Rock 'n' Roll Cities
|"Rock 'n' Roll Cities"|
|Single by The Kinks|
|from the album Think Visual|
|B-side||"Welcome to Sleazy Town" (US)|
|Released||November 17, 1986|
|Recorded||January 1986 and June–August 1986 at Konk Studios, London|
|The Kinks singles chronology|
"Rock 'n' Roll Cities" is a song by the British rock group, The Kinks. The song appeared on the band's 1986 album, Think Visual, and, unlike most other Kinks songs, it was written by Dave Davies rather than his brother, Ray Davies.
The track featured former Kinks drummer Mick Avory, despite his being kicked out of the band in 1984 during the Word of Mouth sessions due to conflicts with Dave Davies. This was the last Kinks track Avory performed on.
"Rock 'n' Roll Cities" was released in November 1986 on the Think Visual LP, where it was the sixth track on the album. On the same day of the album's UK release, "Rock 'n' Roll Cities" was issued as a single in America, backed with another Think Visual track, "Welcome to Sleazy Town". This single was the first to be written by Dave Davies, with the only other Dave Davies-penned tracks that were A-sides on Kinks singles being "Living on a Thin Line", which was only a radio promo, and his solo releases (such as "Death of a Clown") that have since been considered Kinks songs.
In order to advertise, the song was featured in a music video. In the video, Ray Davies goes missing, so the rest of the band (including Dave Davies, who is busy with a wife and kids) attempt to find either Ray or a replacement. Ray is found in the end, and after a concert, a groupie is rejected by the "family man" Dave. Among the many auditioning to replace Ray were people dressed as musicians such as Freddie Mercury and Rick Astley. Also notable is the appearance of the then-departed Mick Avory, who assists the band in their search for Ray. Marina Sirtis, who played Deanna Troi on the television show Star Trek: The Next Generation, made an appearance in the video as Dave Davies's wife.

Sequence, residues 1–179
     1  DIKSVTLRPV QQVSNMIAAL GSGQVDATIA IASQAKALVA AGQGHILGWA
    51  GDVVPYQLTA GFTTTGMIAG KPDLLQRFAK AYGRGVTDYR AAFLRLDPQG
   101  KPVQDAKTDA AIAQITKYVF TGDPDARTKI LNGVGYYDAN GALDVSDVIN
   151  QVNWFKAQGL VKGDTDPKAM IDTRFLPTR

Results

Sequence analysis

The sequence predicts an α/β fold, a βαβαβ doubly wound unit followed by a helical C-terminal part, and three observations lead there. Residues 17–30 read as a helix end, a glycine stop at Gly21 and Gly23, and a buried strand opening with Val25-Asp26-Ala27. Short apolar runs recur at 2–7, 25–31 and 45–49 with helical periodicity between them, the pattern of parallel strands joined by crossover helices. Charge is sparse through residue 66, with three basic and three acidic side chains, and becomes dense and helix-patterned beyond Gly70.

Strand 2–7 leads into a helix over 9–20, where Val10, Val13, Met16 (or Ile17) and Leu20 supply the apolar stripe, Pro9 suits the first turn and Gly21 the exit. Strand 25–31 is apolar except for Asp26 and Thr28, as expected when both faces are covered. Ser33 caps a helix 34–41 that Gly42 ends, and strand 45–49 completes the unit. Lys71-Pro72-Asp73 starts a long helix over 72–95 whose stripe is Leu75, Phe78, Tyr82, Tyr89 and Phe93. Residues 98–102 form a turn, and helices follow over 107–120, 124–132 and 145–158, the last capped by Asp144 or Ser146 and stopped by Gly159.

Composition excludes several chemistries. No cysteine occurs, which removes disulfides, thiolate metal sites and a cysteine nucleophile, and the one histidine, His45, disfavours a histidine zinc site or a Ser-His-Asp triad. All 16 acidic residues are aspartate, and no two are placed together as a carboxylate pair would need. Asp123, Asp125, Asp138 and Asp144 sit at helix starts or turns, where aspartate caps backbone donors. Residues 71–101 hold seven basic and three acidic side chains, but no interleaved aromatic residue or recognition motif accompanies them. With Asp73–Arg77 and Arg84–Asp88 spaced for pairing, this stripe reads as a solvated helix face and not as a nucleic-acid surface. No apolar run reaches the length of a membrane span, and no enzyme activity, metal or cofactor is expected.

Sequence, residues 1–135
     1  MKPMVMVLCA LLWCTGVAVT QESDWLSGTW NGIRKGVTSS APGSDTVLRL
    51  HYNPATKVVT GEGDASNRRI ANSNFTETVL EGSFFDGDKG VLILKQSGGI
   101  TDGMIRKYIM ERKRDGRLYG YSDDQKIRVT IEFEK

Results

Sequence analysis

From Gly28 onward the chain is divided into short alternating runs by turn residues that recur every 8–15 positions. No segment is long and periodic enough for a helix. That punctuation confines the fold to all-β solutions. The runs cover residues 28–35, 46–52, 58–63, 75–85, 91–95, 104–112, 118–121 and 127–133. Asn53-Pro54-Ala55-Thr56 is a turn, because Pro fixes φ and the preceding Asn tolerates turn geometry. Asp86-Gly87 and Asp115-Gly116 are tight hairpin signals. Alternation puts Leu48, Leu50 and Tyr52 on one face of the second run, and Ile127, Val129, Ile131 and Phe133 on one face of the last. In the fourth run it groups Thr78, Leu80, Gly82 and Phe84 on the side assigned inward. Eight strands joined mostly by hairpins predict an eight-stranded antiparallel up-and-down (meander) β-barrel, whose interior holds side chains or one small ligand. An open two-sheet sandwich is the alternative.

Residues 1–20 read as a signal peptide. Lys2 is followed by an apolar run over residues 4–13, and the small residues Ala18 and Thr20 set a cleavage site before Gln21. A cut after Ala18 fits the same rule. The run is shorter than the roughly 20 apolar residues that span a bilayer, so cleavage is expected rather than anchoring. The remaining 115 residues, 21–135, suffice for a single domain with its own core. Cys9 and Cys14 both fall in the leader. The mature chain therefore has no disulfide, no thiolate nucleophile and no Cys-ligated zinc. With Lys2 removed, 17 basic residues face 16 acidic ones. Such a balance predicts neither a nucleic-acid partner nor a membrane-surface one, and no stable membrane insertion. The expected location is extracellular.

"Rock 'n' Roll Cities" has received mixed reviews from critics. AllMusic 's Stephen Thomas Erlewine praised the song, saying that "out of all the loud, riff-driven numbers [on Think Visual], Dave Davies' "Rock N' Roll Cities" made the biggest impression," as well as noting it as a highlight from Think Visual. David Wild of Rolling Stone, however, was critical of the song, and wrote:
"Rock 'n' Roll Cities", the first single from Think Visual, is anything but a gutsy statement. This utterly uninspired tour song — written by Dave Davies around a woefully tired riff — engages in the worst sort of rock hucksterism. He even resorts to spitting out the names of a few cities, "from Buffalo to the Gulf of Mexico." This is the sort of desperate, airplay-seeking number that only a radio programmer could love.
Author Thomas Kitts said that the song "is a delightful spoof not only of touring but of touring songs as well."
- Hinman, Doug (2004). The Kinks: All Day and All of the Night. Hal Leonard Corporation. pp. 280–283. ISBN 9780879307653.
- Erlewine, Stephen Thomas. "AllMusic". Retrieved 2014-05-23.
- Hinman, p. 283
- "'Rock 'n' Roll Cities' single". rateyourmusic.com.
- "'Living on a Thin Line' promo single". rateyourmusic.com. Retrieved 2 August 2014.
- "Kinks Videos". Retrieved 2014-05-23.
- Seel, Larry (January 4, 1987). "There Are Still A Few Kinks Left In 'Rock 'n' Roll Cities' storyline". Orlando Sentinel.
- Wild, David (January 15, 1987). "The Kinks: Think Visual". Rolling Stone (review).
- Kitts, Thomas M. (2014-05-25). Ray Davies: Not Like Everybody Else.